Anglo-French Conflicts in South India!
The political ambition arising out of the weakness of the Indian rulers inspired the Europeans to dream of building their empires in India.
French first thought of an Empire in India. Dupleix accelerated the process and entered boldly into Indian politics. The Englishmen were also ready for a political role like the French and therefore when Dupleix entered into the field with sword in hand the English opposed him equally with sharper sword.
The Anglo French conflict began to occupy the political scene of Southern India.
In the year 1740 there broke out conflict between France and England in Europe over the question of Austrian succession as to who should sit on the throne of Austria. It was a major conflict famous as the War of Austrian succession involving bigger powers and continued for long eight years. The echo of the war was heard on the sea shores of Southern India.
On the Coromandal coast of the Deccan the English at Madras and the French at Pondicherry looked at each other with suspicious eyes when the news of the European war reached India. They came to arms on the sea coast.
This conflict appeared as a golden opportunity for Dupleix to satisfy his ambitions in India. Dupleix proceeded with his army to destroy the English fort at Madras. On the other hand the English was ready for resistance. The war broke out famous as the First Anglo-French War or the First Cornatic War. Dupleix attempted to conquer Madras and directed La Bourdonnais the French Admiral to attack Madras from the sea and to capture Madras Fort. The English at Fort St. George failed to show much of their strength and that made Dupleix more daring.
He made all the English inside the fort captive and kept Madras under his control. The Nawab of Carnatic was Anwar-ud-din. As both Madras and Pondicherry were situated in his territory he became the master of both the English and the French. When he saw the foreigners fighting in his territory without his permission he became angry. Dupleix being a great diplomat pretended that after capturing Madras he would hand-over the place to the Nawab. When that idea was not going to be materialized the Nawab therefore decided to teach Dupleix a lesson.
The Nawab with 10,000 soldiers proceeded to punish Dupleix. Dupleix came forward to challenge the Nawab’s army only with S00 soldiers and this battle was fought within a short distance from Madras. As the French canons began to roar the Nawab’s army fled away and the French tasted the victory which came so easily. From the military point of view it was a small battle but it was very significant from the historical point of view.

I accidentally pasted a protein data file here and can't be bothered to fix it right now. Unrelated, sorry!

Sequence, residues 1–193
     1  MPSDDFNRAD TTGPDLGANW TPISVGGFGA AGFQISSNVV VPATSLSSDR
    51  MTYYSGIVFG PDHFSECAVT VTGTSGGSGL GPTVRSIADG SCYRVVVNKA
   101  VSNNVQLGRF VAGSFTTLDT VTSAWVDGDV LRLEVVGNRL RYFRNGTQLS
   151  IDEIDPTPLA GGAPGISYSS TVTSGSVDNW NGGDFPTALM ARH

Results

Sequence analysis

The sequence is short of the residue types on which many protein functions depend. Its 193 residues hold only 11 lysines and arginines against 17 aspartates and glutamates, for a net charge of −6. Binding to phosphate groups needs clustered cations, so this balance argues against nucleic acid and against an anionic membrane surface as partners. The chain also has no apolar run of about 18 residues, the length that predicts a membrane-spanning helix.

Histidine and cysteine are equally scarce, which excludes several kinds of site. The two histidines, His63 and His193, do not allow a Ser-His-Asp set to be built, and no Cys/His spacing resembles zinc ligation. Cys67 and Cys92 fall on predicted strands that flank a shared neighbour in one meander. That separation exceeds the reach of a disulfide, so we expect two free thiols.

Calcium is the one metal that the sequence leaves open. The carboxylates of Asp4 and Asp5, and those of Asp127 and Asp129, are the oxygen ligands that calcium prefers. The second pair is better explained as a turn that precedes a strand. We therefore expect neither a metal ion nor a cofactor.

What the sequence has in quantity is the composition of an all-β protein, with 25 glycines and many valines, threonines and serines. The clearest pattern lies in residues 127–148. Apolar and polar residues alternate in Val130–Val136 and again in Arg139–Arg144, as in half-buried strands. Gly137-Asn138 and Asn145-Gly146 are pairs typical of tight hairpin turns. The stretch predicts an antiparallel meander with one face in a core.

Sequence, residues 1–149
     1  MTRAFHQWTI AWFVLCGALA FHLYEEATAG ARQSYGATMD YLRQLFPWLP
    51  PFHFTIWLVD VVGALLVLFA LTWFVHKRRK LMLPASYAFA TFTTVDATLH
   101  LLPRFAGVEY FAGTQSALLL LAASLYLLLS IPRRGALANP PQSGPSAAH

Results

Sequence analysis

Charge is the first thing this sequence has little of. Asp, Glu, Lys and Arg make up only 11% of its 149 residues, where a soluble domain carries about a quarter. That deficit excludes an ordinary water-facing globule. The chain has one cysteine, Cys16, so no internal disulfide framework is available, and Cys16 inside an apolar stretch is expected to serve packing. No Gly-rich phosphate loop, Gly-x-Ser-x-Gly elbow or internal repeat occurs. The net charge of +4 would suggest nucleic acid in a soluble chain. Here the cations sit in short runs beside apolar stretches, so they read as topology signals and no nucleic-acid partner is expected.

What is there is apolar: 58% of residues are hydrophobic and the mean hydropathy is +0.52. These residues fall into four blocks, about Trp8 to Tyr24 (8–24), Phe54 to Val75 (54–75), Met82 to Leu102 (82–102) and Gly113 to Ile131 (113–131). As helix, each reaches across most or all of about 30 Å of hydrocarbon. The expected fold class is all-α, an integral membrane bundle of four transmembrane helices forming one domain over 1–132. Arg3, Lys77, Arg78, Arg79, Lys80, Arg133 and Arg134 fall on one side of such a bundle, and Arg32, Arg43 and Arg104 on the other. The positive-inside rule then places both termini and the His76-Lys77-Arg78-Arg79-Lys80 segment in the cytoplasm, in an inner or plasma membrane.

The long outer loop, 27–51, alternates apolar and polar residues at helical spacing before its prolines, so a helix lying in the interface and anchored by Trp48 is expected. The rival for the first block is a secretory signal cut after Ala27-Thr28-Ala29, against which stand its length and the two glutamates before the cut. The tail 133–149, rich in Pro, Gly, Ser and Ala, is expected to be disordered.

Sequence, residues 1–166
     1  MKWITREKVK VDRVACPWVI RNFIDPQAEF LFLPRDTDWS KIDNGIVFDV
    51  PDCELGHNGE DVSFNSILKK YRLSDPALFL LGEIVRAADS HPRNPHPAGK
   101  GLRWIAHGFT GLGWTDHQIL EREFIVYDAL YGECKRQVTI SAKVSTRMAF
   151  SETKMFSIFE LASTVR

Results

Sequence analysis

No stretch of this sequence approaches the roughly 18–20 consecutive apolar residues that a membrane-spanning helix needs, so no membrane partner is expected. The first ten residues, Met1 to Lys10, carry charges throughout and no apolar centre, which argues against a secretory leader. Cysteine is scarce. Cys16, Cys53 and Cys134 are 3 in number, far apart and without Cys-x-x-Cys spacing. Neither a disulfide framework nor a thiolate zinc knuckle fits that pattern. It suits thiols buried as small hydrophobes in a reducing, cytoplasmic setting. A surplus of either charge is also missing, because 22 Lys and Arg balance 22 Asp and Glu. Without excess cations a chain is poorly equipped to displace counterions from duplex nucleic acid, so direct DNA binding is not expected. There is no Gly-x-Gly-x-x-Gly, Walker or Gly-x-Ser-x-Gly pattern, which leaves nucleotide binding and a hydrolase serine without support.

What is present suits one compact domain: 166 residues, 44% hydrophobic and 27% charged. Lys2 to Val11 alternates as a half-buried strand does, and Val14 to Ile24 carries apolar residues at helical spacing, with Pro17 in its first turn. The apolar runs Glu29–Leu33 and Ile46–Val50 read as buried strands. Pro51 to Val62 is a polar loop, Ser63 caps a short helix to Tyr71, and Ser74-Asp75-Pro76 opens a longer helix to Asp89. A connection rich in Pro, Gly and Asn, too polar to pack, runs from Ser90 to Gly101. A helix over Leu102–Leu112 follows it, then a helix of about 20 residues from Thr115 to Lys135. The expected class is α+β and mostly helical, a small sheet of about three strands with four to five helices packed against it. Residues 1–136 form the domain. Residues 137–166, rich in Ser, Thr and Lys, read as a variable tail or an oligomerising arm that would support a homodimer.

It proved the potentiality of the western Military system of warfare. In the direct manner that battle revealed a much deeper political reality. It also carried significance for the immediate future. After the French Victory the Indian princes became very anxious to get the foreign military support to fight against their enemies. They thought it necessary to use the European Soldiers on their sepoys for better result. Such was the result of the French victory under the command of Dupleix.
The war in Europe came to an end in 1748 after the signing of the treaty at a place Aix-La-Chapelle between the European powers. According to the provisions of the treaty war in India was brought to an end and Madras was returned to the English East India Company.
Dupleix felt disappointed and the loss of Madras was a blow to his ambition. But yet he did not give up hope to drive out the English from India. With that aim in view he immediately entered into the politics of the south. He wanted to get the benefit of the fluid political situation in Hyderabad and Carnatic region.
Disputes were going on at two capitals in the south for the possession of the throne. In 1748 the Nizam of Hyderabad Asaf Jah died. For his empty throne quarrel broke out between his son Nasir Jung and grandson Muzaffar Jang. Dupleix took up the cause of Muzaffar Jang and the English therefore supported Nasir Jang. Similarly at Arcot the capital of Carnatic there started an alarming dispute between the ruling Nawab Anwar-ud-din and another claimant Chanda Sahib.
Dupleix helped Chanda Sahib and thus the English came to the side of Anwar-ud-din. Thus the two European powers took up opposite sides in a contest for throne in Southern India. In the name of their respective candidates they began their war which is famous as the Second Anglo-French War or the Second Carnatic war.